On Being Positive
by Peggy McDonagh
My mother lives in a small country town in a 111-year-old house beautifully surrounded by a large and splendidly landscaped yard with rock gardens, a variety of trees and flowers, spacious lawns, nifty little nooks and crannies, and an impressive deck. This lovely property created and cared for with love by Mom is encircled by large trees that provide privacy and a calm environment.
Last summer as I sat on Mom’s quaint but tired-looking wooden bench swing delighting in the birds chattering, the rustling wind in the trees, and the buzzing of insects, I thought about the severe storm that had hit in the early hours of the morning with its spectacular lightning, thunder, and torrents of rain. Nature certainly has its forceful moments of power and destruction that can wreak havoc in our lives. I thought about how creation offers both a negative and positive expression of its mystery.
However, there seems to be a tendency to regard nature from a negative perspective. The weather is an all too common topic and source of constant complaint. We are consistently bombarded with reports on hurricanes, tornadoes, floods, and storms. I wonder why we gravitate toward the negative so readily and downplay the positive in life.
Recently I read C. JoyBell C.’s description of a striking painting of nature:
There is a magnificent, beautiful, wonderful painting in front of you! It is intricate, detailed, a painstaking labour of devotion and love! The colours are like no other; they swim and leap, they trickle and embellish! And yet you choose to fixate your eyes on the small fly which has landed on it! Why do you do such a thing?
Why do we do such a thing? It seems to me that negativity permeates our human approaches and responses to life.
Evolutionary psychologists suggest that although people prefer the positive, we are genetically hard-wired for negativity, the fight-or-flight response to the environment. Because we are drawn to the negative, we obsess about it. The majority of what is incessantly reported in the news focuses on the negative, the latest disaster, or act of violence, the most recent scandal, or the degradation of the planet.
A good news story rarely makes the front page of a newspaper or is the first newscast on TV or radio. It shouldn’t surprise us then that many people are depressed and anxious and not only think negatively about life but also fear it. Interestingly, studies have shown that people who read an inordinate amount of news can develop post-traumatic stress disorder (PTSD).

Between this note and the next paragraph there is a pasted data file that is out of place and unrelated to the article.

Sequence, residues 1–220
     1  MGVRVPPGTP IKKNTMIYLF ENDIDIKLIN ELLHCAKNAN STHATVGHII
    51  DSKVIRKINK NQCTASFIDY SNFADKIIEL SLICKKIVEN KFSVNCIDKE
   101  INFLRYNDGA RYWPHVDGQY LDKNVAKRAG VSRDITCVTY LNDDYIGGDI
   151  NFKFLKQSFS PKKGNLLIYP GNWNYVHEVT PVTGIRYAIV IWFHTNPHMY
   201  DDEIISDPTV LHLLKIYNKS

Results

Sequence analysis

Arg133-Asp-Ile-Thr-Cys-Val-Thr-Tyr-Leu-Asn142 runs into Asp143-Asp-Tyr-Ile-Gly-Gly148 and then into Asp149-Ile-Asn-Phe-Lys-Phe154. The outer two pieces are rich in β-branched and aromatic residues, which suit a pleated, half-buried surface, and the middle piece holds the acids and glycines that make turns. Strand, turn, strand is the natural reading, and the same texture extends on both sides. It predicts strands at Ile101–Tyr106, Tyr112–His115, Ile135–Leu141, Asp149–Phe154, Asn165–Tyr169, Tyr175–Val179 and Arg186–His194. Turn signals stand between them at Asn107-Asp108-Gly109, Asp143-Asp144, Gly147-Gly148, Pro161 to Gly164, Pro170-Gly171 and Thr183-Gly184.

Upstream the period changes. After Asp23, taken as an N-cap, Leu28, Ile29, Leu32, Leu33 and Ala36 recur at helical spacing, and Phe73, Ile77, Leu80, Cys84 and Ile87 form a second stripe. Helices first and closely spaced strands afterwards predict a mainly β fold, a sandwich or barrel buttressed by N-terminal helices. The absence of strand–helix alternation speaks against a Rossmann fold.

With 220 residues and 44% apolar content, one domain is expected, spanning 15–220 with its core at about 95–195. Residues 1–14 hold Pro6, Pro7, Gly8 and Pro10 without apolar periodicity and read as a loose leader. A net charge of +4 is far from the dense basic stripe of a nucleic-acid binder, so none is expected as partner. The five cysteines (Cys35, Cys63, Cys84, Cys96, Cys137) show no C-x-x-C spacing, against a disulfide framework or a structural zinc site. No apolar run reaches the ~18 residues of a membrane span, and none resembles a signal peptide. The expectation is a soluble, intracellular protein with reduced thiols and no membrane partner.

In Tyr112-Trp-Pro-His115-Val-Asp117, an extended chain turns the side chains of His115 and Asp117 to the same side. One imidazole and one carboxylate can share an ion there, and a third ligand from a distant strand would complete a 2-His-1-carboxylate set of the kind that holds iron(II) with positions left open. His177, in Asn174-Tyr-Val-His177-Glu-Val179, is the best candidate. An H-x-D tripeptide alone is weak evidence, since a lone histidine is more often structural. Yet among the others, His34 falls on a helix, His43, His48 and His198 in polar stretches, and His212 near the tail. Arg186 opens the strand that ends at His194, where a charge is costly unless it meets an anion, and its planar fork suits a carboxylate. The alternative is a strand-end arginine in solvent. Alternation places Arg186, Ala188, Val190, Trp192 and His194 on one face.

There was a farmer who had become disheartened with his farm and farm life. The story goes that he was so disgruntled he decided to sell and move elsewhere. He asked a realtor to write an ad. The ad said:
If you have ever had the urge to farm but just have not found the right place that suits your needs, here is a farm for you. Situated in a great location with an immaculately maintained house, this farm has sturdy barns, lush pasture lands, a beautiful and serene pond, fertile soil, and a magnificent view.
The farmer read the ad many times and then with a huge grin said, “I’ve always wanted a place like that.” He never sold the farm.
How we view life, its situations, and its people can make a difference in how we respond to it. Do you view the world through a negative or positive lens? J. Sidlow Baxter writes, “What is the difference between an obstacle and an opportunity? It is our attitude toward it. Every opportunity has a difficulty, and every difficulty has an opportunity.” We have little control over what other people say or do, what catastrophes or illnesses might occur, but we can control how we respond to these realities. We can do so either positively or negatively.
Artist and author H. E. Davey put it this way: A positive attitude is most easily arrived at through a deliberate and rational examination of what you must do to have steadfast positive thoughts. First, reflect on the actual, present condition of your mind. In other words, is the mind positive or not? For example, if we say, “It’s absolutely freezing today! I’ll probably catch a cold before the end of the day!” then our words expose a negative attitude. But if we state a simple fact such as “The temperature is very cold,” then our expression is less negative.
Mindful awareness of our thoughts and responses makes it possible for us to recognize an attitude of negativity before we speak or act. The potential to be positive exists in every situation and interaction. An optimistic attitude ensures that our words and deeds will also be positive, inviting ourselves and others to view a situation differently and to feel hopeful.
In her book, It Is Well With My Soul: The Extraordinary Life of a 106-Year-Old Woman, Patricia Mulcahy writes, “I told Ella Mae Cheeks Johnson, then aged 105, that she was the only person over eighty who I’d ever met who never referred to her physical infirmities or health problems. To which she replied, “I have my difficulties; I do not rejoice in them.”
Living with a positive view allows us to see how life flows with both its challenges and joys and helps us to engage that flow with humour, wisdom, patience, and understanding. A positive attitude strengthens our capacity to handle the difficulties of life. It enriches our relationships, enables us to be grateful, encourages us to see beauty and wonder, eases our anxiety, and diminishes stress. All of this is very good for our spiritual and physical well-being. I invite you to approach life with a positive, life-affirming attitude.